Or at least, not on six very important Tasmanian devils.
So what does that have to do with invisibility cloaks?
Well, part of what gave DFTD its infamous 100% death rate was that the disease is completely invisible to the devils’ immune system.
This is because of a molecule called major histocompatibility complex class I, or MHC-I. In normal cancers, MHC-I is expressed on the surface, allowing the immune system to identify it as a foreign cell. But in facial tumour disease, MHC-I is turned down, making it invisible.
In the six devils studied, MHC-I was seen to have been turned up again, revealing the presence of the cancer to the immune system.
Miraculously, four of the six devils showed regression of the cancer, making them the first known wild devil survivors of DFTD.
This suggests the wild devils may be able to detect and fight the contagious cancer that has been ravaging the wild population, which is now less than 20% what it was a decade ago.
That’s great! The Tassie devils are saved!
Well… Not quite. Or at least not yet.
Remember, only six out of 52 devils possessed the antibodies, and of these, there were only three ultimate survivors – one of the devils who had showed regression later succumbed to a reoccurrence of the cancer.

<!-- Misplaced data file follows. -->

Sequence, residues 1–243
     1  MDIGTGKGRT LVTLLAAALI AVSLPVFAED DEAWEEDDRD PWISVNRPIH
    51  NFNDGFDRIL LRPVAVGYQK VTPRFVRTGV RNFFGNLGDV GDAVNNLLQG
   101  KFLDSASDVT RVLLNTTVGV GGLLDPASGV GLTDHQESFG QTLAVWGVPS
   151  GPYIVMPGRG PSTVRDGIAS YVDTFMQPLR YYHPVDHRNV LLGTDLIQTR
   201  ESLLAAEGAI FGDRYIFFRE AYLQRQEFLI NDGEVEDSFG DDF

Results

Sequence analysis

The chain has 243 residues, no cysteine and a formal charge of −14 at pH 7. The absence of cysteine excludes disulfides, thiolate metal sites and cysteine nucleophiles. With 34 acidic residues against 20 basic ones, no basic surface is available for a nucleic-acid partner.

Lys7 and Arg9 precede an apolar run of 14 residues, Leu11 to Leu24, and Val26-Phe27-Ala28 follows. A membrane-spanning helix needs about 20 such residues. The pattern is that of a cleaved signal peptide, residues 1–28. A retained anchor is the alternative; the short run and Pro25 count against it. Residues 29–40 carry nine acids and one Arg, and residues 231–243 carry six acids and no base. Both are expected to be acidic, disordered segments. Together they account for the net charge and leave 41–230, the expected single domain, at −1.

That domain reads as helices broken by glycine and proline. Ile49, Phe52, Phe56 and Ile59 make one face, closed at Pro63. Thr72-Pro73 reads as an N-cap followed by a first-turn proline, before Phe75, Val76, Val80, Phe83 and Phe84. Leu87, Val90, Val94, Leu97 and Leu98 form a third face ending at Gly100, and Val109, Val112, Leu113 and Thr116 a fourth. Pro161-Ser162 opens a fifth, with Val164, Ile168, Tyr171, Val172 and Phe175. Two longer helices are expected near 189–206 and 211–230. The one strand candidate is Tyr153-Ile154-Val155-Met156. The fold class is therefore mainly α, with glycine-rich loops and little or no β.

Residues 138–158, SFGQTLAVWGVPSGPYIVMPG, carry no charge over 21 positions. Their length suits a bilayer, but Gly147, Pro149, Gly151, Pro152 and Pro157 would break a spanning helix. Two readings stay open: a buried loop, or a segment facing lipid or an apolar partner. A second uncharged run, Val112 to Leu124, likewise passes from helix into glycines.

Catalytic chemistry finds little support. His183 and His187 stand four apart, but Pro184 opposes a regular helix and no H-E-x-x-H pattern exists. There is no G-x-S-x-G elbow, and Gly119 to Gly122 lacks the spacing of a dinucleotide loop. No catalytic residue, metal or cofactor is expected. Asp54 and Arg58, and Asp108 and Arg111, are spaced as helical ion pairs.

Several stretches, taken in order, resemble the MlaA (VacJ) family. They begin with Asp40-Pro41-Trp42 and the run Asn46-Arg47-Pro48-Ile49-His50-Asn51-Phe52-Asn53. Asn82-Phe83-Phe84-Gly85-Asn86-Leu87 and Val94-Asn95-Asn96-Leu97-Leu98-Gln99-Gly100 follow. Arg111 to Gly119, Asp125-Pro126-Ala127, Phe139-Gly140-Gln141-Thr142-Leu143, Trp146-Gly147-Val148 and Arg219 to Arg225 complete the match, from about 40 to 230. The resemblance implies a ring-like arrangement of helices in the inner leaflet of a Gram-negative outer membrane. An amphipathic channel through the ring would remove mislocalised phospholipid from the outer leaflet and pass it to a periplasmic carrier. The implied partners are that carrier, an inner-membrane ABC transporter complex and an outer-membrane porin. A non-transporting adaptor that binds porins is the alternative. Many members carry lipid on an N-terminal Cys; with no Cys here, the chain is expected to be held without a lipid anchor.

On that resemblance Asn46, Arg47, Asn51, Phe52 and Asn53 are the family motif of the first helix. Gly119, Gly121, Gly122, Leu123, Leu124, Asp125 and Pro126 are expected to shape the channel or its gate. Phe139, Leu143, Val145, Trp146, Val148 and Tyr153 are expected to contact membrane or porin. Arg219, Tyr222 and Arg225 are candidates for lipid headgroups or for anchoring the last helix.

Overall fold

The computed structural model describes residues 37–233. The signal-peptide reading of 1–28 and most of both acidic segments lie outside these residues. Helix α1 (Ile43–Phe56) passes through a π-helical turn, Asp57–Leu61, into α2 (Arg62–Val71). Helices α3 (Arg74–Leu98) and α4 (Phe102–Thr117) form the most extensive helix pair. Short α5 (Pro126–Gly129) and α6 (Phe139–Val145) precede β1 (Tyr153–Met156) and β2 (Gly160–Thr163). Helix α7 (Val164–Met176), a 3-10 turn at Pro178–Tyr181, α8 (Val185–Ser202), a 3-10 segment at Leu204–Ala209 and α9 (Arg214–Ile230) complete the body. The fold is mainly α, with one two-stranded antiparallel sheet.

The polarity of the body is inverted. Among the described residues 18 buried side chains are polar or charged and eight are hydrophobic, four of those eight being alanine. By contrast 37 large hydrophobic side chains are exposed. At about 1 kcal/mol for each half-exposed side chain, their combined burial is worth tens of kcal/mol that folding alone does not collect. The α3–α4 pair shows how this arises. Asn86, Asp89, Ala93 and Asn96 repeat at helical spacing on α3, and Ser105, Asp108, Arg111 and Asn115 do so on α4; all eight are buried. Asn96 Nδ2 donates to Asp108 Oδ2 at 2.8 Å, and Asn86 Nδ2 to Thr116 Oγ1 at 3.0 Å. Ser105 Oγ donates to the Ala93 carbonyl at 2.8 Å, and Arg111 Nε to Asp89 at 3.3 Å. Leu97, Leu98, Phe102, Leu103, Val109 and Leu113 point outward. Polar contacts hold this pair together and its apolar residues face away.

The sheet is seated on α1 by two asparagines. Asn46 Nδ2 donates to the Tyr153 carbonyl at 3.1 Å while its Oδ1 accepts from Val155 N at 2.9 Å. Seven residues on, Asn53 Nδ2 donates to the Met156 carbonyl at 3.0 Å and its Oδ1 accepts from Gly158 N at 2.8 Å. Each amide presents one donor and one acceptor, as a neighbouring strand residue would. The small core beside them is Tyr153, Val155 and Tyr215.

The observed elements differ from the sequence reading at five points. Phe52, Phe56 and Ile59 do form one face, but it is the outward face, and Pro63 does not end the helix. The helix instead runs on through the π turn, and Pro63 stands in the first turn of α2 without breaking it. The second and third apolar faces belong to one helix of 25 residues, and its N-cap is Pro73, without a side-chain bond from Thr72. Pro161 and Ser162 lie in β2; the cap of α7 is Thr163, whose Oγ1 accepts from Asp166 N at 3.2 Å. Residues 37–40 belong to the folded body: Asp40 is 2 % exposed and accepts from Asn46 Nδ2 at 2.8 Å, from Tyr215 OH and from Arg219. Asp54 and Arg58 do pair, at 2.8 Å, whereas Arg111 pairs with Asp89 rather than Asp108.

Even if the antibodies prove to be hereditary – which is as yet unknown -, that’s a pretty small number of animals to be mounting a state-wide repopulation, let alone the vague discussions of returning the devils to the mainland.
Luckily, that isn’t the end of this story.
The researchers who studied the death-defying devils have been able to use the identification of these antibodies to create an immunotherapy treatment that has been seeing success in saving the lives of other infected devils, who do not naturally possess these cancer-detecting capabilities.
Testing of the immunotherapy is still only in early trials, and more research needs to be done before a vaccine can be completed.
“This is an important step along the way to developing a vaccine to protect against DFTD and potentially for immunotherapy to cure devils of established DFTD,” says Professor Gregory Woods, head of the DFTD research team, to the Save the Tasmanian Devil Appeal.
Is there anything I can do to help?
The research is funded in part by the Save the Tasmanian Devil Appeal and the Australian Research Council. Professor Woods has said that the support of these institutions are imperative to continuing research.
The study was undertaken by the Menzies Institute for Medical Research at the University of Tasmania and aided by the University of Southampton and the Tasmanian Department of Primary Industries, Parks, Water and Environment.